• Resolution for 2017: Stop substituting 'the occupation' for 'Zionism'
    • Hello Sibiriak, I never said, or meant to suggest, that there is no occupation. Rather, the occupation is a symptom, not the disease itself. Get rid of the “occupation”, and it will be a rude morning after when you realize that the problem itself has not changed.
      Also, I do not agree at all about the geographic parameters of the occupation being somehow universally (or even casually) agreed upon. Quite the contrary, the “bar” has continually been shifted, with no valid resolution to the intermediate thefts.
      As one example, Israel was never given the land between the Partition and the Armistice Line — it is as much stolen land as the West Bank etc. Israel’s only vague legal claim to unoccupied land is within the Res 181 confines (though it was an illegal Resolution), and then only if it stops blocking the return of the Palestinians within those parameters. There are many aspects of the “occupation” that are a matter of common — but false — presumption, always, to Israel’s favor: Jaffa, as one example.
      Finally, that Israel hates reference to the “occupation” is in no way inconsistent with this. The occupation is a means to an end. But to regard the occupation as the actual core problem, is a grave mistake.

    • Thank you, Nada Elia ! The term "occupation" (whichever of its myriad possible definitions, geographic and otherwise) has always worked to Israel's favor, obscuring the actual issue.

  • After wins abroad, BDS conference in West Bank sees local traction
    • Mr. Schipper,
      Imagine you were in a historically economically self-sufficient society, that was then commandeered by invaders who destroyed your economy and imposed a totalitarian regime that kept you a forced market to their goods and sabotaged attempts at economic improvement.
      And then someone on the outside came along and said in response that there are worse-off people in the world...
      Saying that there are worse-off people is an insult. All that matters is that the occupying power should be thrown out and the people left to the dignity of their own lives.

  • Palestinians grapple with knife attacks as violence enters fifth month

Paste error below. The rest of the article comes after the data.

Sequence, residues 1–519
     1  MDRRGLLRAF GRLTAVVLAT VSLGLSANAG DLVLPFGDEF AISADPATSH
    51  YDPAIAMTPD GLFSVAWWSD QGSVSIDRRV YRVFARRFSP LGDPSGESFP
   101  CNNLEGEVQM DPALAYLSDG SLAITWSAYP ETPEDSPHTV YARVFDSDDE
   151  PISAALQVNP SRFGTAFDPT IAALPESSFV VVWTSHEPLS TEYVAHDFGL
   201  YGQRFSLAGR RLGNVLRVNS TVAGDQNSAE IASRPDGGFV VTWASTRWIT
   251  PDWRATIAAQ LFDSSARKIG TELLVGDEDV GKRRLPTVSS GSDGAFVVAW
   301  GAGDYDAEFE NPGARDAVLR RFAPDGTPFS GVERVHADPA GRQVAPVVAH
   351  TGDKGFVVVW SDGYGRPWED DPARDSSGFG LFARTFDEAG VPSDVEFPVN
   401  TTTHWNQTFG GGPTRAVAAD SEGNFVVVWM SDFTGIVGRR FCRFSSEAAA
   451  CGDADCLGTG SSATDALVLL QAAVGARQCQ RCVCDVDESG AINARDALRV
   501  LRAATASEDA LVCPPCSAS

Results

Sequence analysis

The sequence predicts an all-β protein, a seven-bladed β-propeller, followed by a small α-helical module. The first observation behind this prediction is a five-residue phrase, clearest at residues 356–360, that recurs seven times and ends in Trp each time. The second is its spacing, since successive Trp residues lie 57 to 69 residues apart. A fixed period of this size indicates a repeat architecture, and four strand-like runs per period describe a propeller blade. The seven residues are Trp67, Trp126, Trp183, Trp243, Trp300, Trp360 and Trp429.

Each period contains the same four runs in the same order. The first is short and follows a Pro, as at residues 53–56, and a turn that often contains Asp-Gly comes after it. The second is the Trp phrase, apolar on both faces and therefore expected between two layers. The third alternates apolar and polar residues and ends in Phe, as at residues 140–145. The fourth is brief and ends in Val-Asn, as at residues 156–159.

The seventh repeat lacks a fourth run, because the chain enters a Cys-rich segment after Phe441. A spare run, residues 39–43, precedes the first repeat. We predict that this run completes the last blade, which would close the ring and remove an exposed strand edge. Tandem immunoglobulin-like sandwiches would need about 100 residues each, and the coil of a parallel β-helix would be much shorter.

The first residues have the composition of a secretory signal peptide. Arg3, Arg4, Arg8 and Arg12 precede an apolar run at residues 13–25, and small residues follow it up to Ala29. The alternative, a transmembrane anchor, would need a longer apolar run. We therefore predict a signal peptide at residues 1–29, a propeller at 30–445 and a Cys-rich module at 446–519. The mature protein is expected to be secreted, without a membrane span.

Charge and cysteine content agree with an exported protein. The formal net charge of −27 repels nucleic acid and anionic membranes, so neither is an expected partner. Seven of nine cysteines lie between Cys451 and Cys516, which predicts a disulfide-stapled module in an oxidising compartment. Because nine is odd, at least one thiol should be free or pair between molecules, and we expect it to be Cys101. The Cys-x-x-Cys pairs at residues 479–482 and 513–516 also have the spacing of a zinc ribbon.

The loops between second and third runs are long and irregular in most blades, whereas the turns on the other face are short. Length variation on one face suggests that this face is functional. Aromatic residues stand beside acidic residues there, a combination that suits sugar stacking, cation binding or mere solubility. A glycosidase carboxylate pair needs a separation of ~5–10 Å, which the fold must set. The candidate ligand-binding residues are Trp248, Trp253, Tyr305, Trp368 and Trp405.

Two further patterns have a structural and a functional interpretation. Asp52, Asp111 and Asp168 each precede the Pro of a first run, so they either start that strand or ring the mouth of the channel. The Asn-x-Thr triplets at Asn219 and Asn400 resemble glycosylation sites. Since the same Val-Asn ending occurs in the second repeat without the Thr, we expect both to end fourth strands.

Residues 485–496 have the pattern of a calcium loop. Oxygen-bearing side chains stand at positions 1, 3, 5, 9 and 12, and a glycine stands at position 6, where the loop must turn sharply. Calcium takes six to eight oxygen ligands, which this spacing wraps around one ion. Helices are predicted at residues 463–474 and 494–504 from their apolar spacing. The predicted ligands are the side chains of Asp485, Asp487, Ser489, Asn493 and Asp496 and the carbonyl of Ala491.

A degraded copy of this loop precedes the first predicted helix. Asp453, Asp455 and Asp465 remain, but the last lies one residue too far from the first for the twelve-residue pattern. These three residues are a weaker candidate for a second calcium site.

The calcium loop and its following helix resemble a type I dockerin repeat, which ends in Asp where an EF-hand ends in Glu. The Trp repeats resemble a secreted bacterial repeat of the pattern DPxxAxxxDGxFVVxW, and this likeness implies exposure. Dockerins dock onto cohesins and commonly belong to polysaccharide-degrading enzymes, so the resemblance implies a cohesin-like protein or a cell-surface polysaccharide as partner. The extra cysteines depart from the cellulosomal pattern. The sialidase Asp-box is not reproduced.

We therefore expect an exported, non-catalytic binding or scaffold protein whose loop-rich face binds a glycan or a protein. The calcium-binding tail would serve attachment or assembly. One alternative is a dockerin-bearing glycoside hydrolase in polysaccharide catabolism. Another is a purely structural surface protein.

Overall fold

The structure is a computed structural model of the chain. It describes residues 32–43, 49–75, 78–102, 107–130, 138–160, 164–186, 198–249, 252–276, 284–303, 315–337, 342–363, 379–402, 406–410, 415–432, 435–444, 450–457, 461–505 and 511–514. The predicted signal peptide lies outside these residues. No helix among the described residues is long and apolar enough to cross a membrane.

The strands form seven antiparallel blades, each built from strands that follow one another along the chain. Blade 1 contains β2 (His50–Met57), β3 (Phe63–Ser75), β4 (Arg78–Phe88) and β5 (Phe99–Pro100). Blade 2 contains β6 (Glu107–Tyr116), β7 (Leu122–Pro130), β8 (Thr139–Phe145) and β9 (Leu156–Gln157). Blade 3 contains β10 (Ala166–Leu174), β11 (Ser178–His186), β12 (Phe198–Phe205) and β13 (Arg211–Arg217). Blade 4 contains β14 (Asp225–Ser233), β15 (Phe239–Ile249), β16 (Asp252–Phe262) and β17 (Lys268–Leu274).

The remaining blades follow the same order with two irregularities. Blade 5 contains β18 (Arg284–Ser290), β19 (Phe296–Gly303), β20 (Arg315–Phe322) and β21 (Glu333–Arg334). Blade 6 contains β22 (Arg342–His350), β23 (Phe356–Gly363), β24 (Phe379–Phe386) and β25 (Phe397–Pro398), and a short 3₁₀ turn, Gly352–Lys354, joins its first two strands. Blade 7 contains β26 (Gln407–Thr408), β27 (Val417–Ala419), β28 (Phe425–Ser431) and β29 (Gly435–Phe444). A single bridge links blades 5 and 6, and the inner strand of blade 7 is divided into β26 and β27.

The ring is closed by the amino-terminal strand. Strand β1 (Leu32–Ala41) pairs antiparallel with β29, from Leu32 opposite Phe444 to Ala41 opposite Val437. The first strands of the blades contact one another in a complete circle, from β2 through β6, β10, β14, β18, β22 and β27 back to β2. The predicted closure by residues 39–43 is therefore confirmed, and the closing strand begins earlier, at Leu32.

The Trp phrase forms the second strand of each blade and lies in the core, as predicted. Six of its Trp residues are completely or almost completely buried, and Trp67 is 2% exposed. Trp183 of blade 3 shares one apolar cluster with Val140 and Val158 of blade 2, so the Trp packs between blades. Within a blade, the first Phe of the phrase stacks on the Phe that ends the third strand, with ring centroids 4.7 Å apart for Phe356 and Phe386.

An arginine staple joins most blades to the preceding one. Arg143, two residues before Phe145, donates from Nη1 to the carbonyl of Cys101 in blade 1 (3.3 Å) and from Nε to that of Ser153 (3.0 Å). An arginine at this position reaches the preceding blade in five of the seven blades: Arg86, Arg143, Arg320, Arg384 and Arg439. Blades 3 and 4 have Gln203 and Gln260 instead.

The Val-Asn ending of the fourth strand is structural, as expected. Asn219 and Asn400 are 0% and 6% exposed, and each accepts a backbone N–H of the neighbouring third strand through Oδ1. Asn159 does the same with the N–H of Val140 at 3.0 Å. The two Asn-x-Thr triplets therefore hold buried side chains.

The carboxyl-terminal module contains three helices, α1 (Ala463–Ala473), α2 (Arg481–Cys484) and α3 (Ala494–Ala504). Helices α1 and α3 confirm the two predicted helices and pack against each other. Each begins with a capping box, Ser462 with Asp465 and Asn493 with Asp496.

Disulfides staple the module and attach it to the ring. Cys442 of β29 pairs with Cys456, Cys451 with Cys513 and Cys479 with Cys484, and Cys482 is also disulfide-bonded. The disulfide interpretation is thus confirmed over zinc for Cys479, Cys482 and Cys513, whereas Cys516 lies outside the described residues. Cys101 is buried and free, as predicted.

• Hello El Cazador,
      While I understand (and agree with) the intent of your posting, your history is a bit convoluted. Important to be accurate so you're not shot down by the Dark Side on details.

  • Over 60 Massachusetts organizations protest ‘anti BDS’ legislation
    • My guess is that the pro-Israeli forces that are pushing legislators to outlaw BDS will soon wish they had never raised the issue. They can not possibly expect that any but the most fickle of those working for justice in Palestine will suddenly say, "oh, gee, okay, I'll stop". Rather, the inescapable result of outlawing BDS will be to give far greater public visibility to the question of WHY so many people support boycott. And getting the public to ask “why boycott?” is boycott's most powerful aspect. But perhaps the barometer to watch is France, where such laws are not only a reality, but enforced.

  • BDS Victory: Ahava moving factory out of occupied West Bank
    • No, this is NOT a victory for boycott --- not yet

      The location of the factory is important, yes, but it is a secondary issue---the principle crime is the theft of Palestine's minerals, and that seems to be unaddressed. I am afraid that we are being hoodwinked in our enthusiasm to see victories.

      If in fact Ahava will simply truck Palestinian minerals over the Armistice Line for processing, then nothing of substance has changed. If this is the case (and it certainly appears to be) it is important that Ahava's shenanigans be exposed and we NOT pretend victory.

  • As Tel Aviv prepares to welcome Beyoncé, here's a review of Israel's atrocious record towards black people